10.30.2013 0

Dow hits new high, but is this just a paper boom?

Money_BombBy Robert Romano

On Oct. 29, the Dow Jones Industrial average reached an all-time high. So, what has investors cheering? A manufacturing boom? More jobs? Lower taxes?

None of the above.

It was “expectations that the Federal Reserve will keep its economic stimulus program in place,” reports the Associated Press.

But, that supposedly “temporary” central bank program of $85 billion a month in U.S. treasuries and mortgage-backed securities purchases is predicated on a very weak financial outlook, high unemployment, and depressed credit markets.

Five years after the financial crisis was supposed to be over, its continuation cannot be good news.

Perhaps the reason is because that calamity still has not ended.

In the first two quarters of 2013, the amount of credit outstanding nationwide — that is, all debts public and private — has expanded by $658.6 billion, according to data compiled by the U.S. Federal Reserve.

If it continues at that pace, it will grow a total of $1.3 trillion by year’s end to about $58.2 trillion, a 2.3 percent increase.

That may sound like a lot, but it’s actually not. Last year it grew $1.88 trillion at 3.34 percent annual rate. The slower expansion this year could indicate that credit once again slowing down, along with the economy, usually a bad sign.

In contrast, since 1945, credit outstanding nationwide has expanded an average of 7.9 percent a year. The meager growth in new debt today indicates that consumers, business, and banks are borrowing less, and therefore not spending as much. Another not so good sign.

That is because, sadly, there is a direct correlation between credit expansion and economic growth, which in turn has consequences for unemployment, inflation, and other indicators.

When credit contracts or even slows down its expansion, as it has in recent years, the economy tends to follow suit.


This was true in 1946, 1949, 1954, 1974, 1975, 1980, 1982, 1991, 2008, and 2009. In all of those years, real Gross Domestic Product (GDP) contracted. And in each of those years, credit outstanding nationwide had either contracted or registered slower growth from the year prior.

In two years, 1947 and 1958, this was not true. The economy contracted but overall credit grew. Although to be fair, in both years financial sector credit slowed down significantly.


In 10 out of the 12 years in question, or 83.3 percent of the time, recessions were directly linked to an overall credit slowdown or outright contraction.  And in the two other years, they were linked to a financial sector credit slowdown.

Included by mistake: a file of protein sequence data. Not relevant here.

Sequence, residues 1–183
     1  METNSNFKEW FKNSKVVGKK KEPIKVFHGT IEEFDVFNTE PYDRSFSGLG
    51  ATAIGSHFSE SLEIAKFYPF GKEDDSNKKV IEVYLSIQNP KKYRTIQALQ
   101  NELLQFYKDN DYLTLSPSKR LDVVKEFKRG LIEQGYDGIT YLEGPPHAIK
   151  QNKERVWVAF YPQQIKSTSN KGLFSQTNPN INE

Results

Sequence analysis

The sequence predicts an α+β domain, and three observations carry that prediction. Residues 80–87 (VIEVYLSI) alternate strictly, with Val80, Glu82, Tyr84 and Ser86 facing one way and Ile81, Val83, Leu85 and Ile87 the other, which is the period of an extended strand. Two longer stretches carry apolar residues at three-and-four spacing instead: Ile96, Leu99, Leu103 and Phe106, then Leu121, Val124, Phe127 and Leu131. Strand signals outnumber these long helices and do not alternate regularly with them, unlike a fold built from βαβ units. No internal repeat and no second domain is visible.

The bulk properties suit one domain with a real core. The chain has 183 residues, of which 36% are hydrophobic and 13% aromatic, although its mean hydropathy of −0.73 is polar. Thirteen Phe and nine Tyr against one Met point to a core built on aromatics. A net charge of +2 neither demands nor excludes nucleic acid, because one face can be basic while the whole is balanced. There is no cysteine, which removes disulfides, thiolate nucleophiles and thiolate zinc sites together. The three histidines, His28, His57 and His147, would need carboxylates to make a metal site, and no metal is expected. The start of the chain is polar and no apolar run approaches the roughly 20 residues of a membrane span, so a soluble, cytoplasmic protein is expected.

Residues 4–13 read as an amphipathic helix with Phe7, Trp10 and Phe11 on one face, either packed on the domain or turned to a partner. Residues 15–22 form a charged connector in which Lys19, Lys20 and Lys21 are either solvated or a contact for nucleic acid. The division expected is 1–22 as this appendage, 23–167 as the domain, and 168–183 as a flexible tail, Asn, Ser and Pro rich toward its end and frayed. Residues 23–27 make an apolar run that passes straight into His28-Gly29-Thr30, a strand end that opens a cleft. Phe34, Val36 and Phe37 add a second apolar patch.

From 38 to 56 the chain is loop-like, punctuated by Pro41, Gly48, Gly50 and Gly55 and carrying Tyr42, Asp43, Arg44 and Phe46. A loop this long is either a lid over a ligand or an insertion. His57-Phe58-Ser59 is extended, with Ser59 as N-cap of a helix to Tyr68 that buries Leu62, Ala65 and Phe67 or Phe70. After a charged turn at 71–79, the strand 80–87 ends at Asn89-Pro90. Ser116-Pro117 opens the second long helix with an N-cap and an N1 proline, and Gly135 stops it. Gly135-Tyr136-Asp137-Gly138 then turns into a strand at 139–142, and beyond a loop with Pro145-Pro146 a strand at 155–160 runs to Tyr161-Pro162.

This has direct implications for economic growth, which has been lackluster since the financial crisis began. Namely, if you, I, and everyone else are not going deeper into debt, future growth is questionable. Call it a design flaw.

Since 2010, real growth has only averaged 2.36 percent. So far in 2013, it’s only at 2.7 percent, still below the at least 3 percent needed to help unemployment reduce substantially called for in Okun’s Law.

A significant indicator has been financial sector debt, which decreased from $17 trillion in 2008 to just $13.9 trillion today. This $3 trillion of deleveraging in the financial sector has been offset by about as much Federal Reserve quantitative easing, without which credit would have certainly continued contracting, perhaps to a market bottom.

But rather than facilitate a recovery, this has merely resulted in a $2.3 trillion explosion of excess reserves held by financial institutions.

In other words, the monetary “stimulus” from the Fed continues to sit idle, not being used to drive credit creation and get the economy moving again. But why? Is the financial sector to big to grow?

The trouble is despite the credit slowdown, consumers, businesses, and banks remain highly leveraged, and have little extra room for borrowing. In the meantime, young people are not entering the labor force and housing markets at the same rate as in the past.

In short, demand for new credit is much lower than it was throughout the postwar period, calling into question the utility of an economic model that has been driven by credit creation for more than a generation. In lieu of a real private sector recovery, all the Fed can do is throw more paper at the problem.

This is the end result of the central planning of the pricing of money and the allocation of capital. The problem is exacerbated by a high demand for dollars — the world’s reserve currency — all over the world, which has necessitated the credit expansion. After all, the new dollars had to come from somewhere, why not debt?

But once it hit a ceiling, like any consumer who maxes out on his credit, the model broke down. If credit cannot grow, then how will the economy? The real dilemma may be that if the U.S. economy, and the dollar, can no longer reliably produce global growth and prosperity via debt creation, it may not be long before the rest of the world seeks alternatives.

Then, investors will have nothing to cheer about.

Robert Romano is the senior editor of Americans for Limited Government.

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